This example shows how to design octave-band and fractional octave-band filters. Octave-band and fractional-octave-band filters are commonly used in acoustics. For example, octave filters are used to perform spectral analysis for noise control. Acousticians prefer to work with octave or fractional (often 1/3) octave filter banks because it provides a meaningful measure of the noise power in different frequency bands.

An octave is the interval between two frequencies having a ratio of 2:1. An octave-band or fractional-octave-band filter is a bandpass filter determined by its center frequency and its order. The magnitude attenuation limits are defined in the ANSI® S1.11-2004 standard for three classes of filters: class 0, class 1 and class 2. Class 0 allow only +/-0.15 dB of ripples in the passband while class 1 filters allow +/-0.3 dB and class 2 filters allow +/-0.5 dB. Levels of stopband attenuation vary from 60 to 75 dB, depending on the class of the filter.

Design an initial full octave-band filter using the octaveFilter System object. This filter is the starting point for creating a filter bank.

BW = '1 octave'; N = 6; % Filter Order F0 = 1000; % Center Frequency (Hz) Fs = 48000; % Sampling Frequency (Hz) oneOctaveFilter = octaveFilter('FilterOrder', N, ... 'CenterFrequency', F0, 'Bandwidth', BW, 'SampleRate', Fs)

oneOctaveFilter = octaveFilter with properties: FilterOrder: 6 CenterFrequency: 1000 Bandwidth: '1 octave' Oversample: false SampleRate: 48000

Get all center frequencies defined by the ANSI S1.11-2004 standard in the audio range (20 Hz to 20 kHz) to design the filter bank:

F0 = getANSICenterFrequencies(oneOctaveFilter); F0(F0<20) = []; F0(F0>20e3) = []; Nfc = length(F0); for i=1:Nfc fullOctaveFilterBank{i} = octaveFilter('FilterOrder', N, ... 'CenterFrequency', F0(i), 'Bandwidth', BW, 'SampleRate', Fs); %#ok end

Now design a 1/3-octave-band filter bank. Increase the order of each filter to 8:

BW = '1/3 octave'; N = 8; F0 = 1000; oneThirdOctaveFilter = octaveFilter('FilterOrder', N, ... 'CenterFrequency', F0, 'Bandwidth', BW, 'SampleRate', Fs); F0 = getANSICenterFrequencies(oneThirdOctaveFilter); F0(F0<20) = []; F0(F0>20e3) = []; Nfc = length(F0); for i=1:Nfc oneThirdOctaveFilterBank{i} = octaveFilter('FilterOrder', N, ... 'CenterFrequency', F0(i), 'Bandwidth', BW, 'SampleRate', Fs); %#ok end

Visualize the magnitude response of one filter from each of the two filter banks. The 1/3-octave filter bank provides a finer spectral analysis but at an increased cost. It requires 30 filters versus 10 for the full octave filter bank to cover the audio range [20 20000 Hz].

visualize(fullOctaveFilterBank{6}, 'class 1'); visualize(oneThirdOctaveFilterBank{6}, 'class 1');

The visualizer plot is synchronized to the object, so you can see the magnitude response update as you change the filter parameters. The mask around the magnitude response will be green if it complies with the ANSI S1.11-2004 standard, and red otherwise. You can also use the audioTestBench tool to quickly set up a test bench to use the octave filter you have designed. For example, run `audioTestBench(fullOctaveFilterBank{6})`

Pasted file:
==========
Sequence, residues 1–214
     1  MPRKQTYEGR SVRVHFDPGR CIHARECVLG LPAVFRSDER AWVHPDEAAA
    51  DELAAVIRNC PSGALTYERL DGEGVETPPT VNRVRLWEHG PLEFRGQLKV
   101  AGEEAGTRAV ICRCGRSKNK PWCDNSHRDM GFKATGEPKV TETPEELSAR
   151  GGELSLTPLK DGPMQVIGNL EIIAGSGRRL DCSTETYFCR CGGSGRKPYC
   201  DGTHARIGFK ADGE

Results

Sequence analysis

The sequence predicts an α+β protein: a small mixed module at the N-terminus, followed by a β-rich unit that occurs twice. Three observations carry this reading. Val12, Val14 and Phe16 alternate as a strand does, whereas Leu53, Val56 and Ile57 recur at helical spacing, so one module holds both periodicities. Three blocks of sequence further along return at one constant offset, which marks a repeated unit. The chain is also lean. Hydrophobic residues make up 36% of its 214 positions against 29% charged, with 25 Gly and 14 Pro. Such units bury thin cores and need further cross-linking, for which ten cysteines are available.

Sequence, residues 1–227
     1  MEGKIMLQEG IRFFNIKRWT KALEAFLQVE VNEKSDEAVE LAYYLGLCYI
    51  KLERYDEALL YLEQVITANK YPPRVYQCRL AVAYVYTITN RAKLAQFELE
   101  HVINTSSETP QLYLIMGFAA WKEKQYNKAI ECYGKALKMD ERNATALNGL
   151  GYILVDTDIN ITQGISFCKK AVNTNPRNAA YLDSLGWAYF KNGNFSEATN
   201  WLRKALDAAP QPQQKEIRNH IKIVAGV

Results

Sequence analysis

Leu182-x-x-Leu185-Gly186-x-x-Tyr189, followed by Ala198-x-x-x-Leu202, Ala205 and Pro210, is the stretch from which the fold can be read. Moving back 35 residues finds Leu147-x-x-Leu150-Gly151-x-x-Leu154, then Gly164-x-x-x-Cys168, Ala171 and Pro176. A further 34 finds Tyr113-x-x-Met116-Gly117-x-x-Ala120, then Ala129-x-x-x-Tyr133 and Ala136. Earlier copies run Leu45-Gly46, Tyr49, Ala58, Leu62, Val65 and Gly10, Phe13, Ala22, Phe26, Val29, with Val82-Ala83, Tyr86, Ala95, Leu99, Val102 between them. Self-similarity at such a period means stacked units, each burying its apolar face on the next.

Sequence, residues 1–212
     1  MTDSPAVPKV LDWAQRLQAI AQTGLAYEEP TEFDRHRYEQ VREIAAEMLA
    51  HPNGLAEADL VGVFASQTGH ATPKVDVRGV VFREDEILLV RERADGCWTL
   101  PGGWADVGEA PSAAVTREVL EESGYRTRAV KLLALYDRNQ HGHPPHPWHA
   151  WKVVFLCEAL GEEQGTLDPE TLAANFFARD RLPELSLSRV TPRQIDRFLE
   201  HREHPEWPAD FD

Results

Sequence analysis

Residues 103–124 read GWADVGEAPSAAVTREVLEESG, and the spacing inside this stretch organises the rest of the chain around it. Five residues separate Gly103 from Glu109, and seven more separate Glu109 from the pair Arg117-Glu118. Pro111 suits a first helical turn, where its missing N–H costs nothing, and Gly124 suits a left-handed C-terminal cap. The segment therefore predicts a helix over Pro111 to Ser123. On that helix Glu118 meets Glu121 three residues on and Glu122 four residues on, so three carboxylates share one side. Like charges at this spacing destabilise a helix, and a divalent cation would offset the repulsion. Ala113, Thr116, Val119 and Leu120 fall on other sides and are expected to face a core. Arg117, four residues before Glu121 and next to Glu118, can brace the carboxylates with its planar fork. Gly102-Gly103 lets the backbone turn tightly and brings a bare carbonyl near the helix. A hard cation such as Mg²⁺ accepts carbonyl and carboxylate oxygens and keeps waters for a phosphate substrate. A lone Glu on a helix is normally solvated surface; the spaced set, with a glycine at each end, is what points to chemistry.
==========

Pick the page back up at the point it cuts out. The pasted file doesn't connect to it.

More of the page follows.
to launch a test bench with one of the full octave filters from the filter bank.

The human ear interprets loudness of sound on a scale closer to a logarithmic scale than a linear one but a DFT-based frequency analysis leads to a linear frequency scale. Compute the (DFT-based) power spectrum of a white noise signal using a spectrum analyzer:

Nx = 100000; scope1 = dsp.SpectrumAnalyzer('SpectralAverages',50,'SampleRate',Fs,... 'PlotAsTwoSidedSpectrum',false,'FrequencyScale','Log',... 'YLimits', [-80 20]); tic while toc < 15 % Run for 15 seconds xw = randn(Nx,1); scope1(xw); end

Filter the white noise signal with the 1/3-octave filter bank and compute the average power at the output of each filter. While the power spectrum of a white noise signal is flat, the high frequencies are perceived louder. The 1/3-octave spectrum paints a picture that is closer to the human ear perception. It shows a spectrum where the power level rises 3 dB per octave because each band (i.e. filter) has twice the frequency range of the preceding octave band.

scope2 = dsp.SpectrumAnalyzer('SpectralAverages',50,'SampleRate',Fs,... 'PlotAsTwoSidedSpectrum',false,'FrequencyScale','Log',... 'RBWSource','Property','RBW',2000); yw = zeros(Nx,Nfc); tic while toc < 15 % Run for 15 seconds xw = randn(Nx,1); for i=1:Nfc oneThirdOctaveFilter = oneThirdOctaveFilterBank{i}; yw(:,i) = oneThirdOctaveFilter(xw); end scope2(yw); end

While a white noise signal has the same distribution of power for all frequencies, a pink noise signal has the same distribution of power for each octave, so the power between 0.5 Hz and 1 Hz is the same as between 5,000 Hz and 10,000 Hz.

pinkNoise = dsp.ColoredNoise('Color','pink',... 'SamplesPerFrame',Nx,... 'NumChannels',1); scope3 = dsp.SpectrumAnalyzer('SpectralAverages',50,'SampleRate',Fs,... 'PlotAsTwoSidedSpectrum',false,'FrequencyScale','Log',... 'YLimits', [-80 20]); tic, while toc < 15 % Run for 15 seconds x = pinkNoise(); scope3(x); end

Now filter the pink noise signal with the 1/3-octave filter bank and compute the average power at the output of each filter. The power of the pink noise signal declines at higher frequencies at the rate of about -3 dB per octave. However it sounds "constant" to the human hear, and the 1/3 octave-band spectrum shows flat at the output of the filter bank.

scope4 = dsp.SpectrumAnalyzer('SpectralAverages',50,'SampleRate',Fs,... 'PlotAsTwoSidedSpectrum',false,'FrequencyScale','Log',... 'RBWSource','Property','RBW',2000); yp = zeros(Nx,Nfc); tic, while toc < 15 % Run for 15 seconds xp = pinkNoise(); for i=1:Nfc oneThirdOctaveFilter = oneThirdOctaveFilterBank{i}; yp(:,i) = oneThirdOctaveFilter(xp); end scope4(yp); end